A while back, I posted about using the SAS Excel libname engine to read and write to and from Excel files. That turned out to be a reasonably popular topic, and engendered quite a few questions, so I thought I’d follow up with an example of the typical use I’ve made of this facility, along with a couple of lessons learned along the way.
I usually have a pre-formatted template file set up, which I copy to a new file destination and then assign a libname:
data _null_; infile "&tmpltdir.\template.xls" recfm=n; /*Template file*/ input one_byte $char1. @@; file "&rptdir.\report.xls" recfm=n; /*Report file*/ put one_byte $char1. @@; run; libname wb Excel "&rptdir.\report.xls" ver=2002;
Copying like this (input/put) is a little clunky I think, but it works. X commands are not enabled by default from Enterprise Guide, so this is the best option remaining.
The data will be stored in named ranges set up for that purpose – but before they can be populated, they need to be cleared:
proc datasets library=wb; delete Listing Header; run; quit;
Listing in this case would be a tabular dataset, and Header is a one row set which contains information like report date, refresh date, titles etc. – any information which is particular to that edition of the report.
The next step is to populate the data in the ranges:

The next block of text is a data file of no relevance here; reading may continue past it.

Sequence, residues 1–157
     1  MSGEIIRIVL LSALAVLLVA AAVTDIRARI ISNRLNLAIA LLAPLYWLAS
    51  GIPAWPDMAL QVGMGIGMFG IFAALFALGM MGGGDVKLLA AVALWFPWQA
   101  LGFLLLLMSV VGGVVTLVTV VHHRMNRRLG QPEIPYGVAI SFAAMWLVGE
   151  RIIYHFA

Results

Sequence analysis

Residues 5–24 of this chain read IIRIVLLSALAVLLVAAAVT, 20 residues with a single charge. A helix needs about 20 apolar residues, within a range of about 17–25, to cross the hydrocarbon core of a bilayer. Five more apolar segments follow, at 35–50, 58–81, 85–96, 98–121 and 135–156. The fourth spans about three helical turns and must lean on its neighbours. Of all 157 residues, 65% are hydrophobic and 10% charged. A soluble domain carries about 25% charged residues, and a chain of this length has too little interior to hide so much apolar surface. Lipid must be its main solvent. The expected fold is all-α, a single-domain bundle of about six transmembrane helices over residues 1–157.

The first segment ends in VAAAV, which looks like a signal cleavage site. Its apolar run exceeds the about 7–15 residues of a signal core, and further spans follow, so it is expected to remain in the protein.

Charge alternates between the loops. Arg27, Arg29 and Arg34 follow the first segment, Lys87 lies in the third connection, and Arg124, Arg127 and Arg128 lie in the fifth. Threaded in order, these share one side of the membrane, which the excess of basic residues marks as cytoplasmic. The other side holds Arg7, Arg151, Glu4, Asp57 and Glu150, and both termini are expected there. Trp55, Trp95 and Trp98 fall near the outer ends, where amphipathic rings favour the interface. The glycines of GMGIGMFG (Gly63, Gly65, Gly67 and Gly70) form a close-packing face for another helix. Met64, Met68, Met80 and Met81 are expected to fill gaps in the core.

data Header ; format startdate enddate refreshdate reportdate date9.; progpath="®ref.\sasprogs\&pgmname"; startdate=&startdate.d; enddate=&enddate.d; refreshdate="&dwh_d_fmt"d; reportdate="&sysdate9"d; run; data wb.Header (dblabel=yes); set Header; run;
The code to populate Listing would run much the same way. One point to note here is that sometimes the order of the columns output is important. In this case, it is possible to control the order of columns by either using a retain statement in the data step, or by using proc sql and ordering the columns in the select clause.
Once the ranges have been populated, close the file by clearing the libname:
libname wb clear;
This is important as otherwise the file will be held open by SAS.
And there you have it – the report has now been populated. Actually, there’s a further wrinkle I should mention. For some reason, the report file created often suffers from a peculiar “bloating” effect, where the file size appears to be roughly double what it should be. However, once the file is opened and saved in Excel, the size returns to normal. In a couple of cases involving large numbers of regular reports, I have written a VBA routine to open and save each one in turn…as with the copy step above, I find it a little clunky, but it can save a considerable amount of space.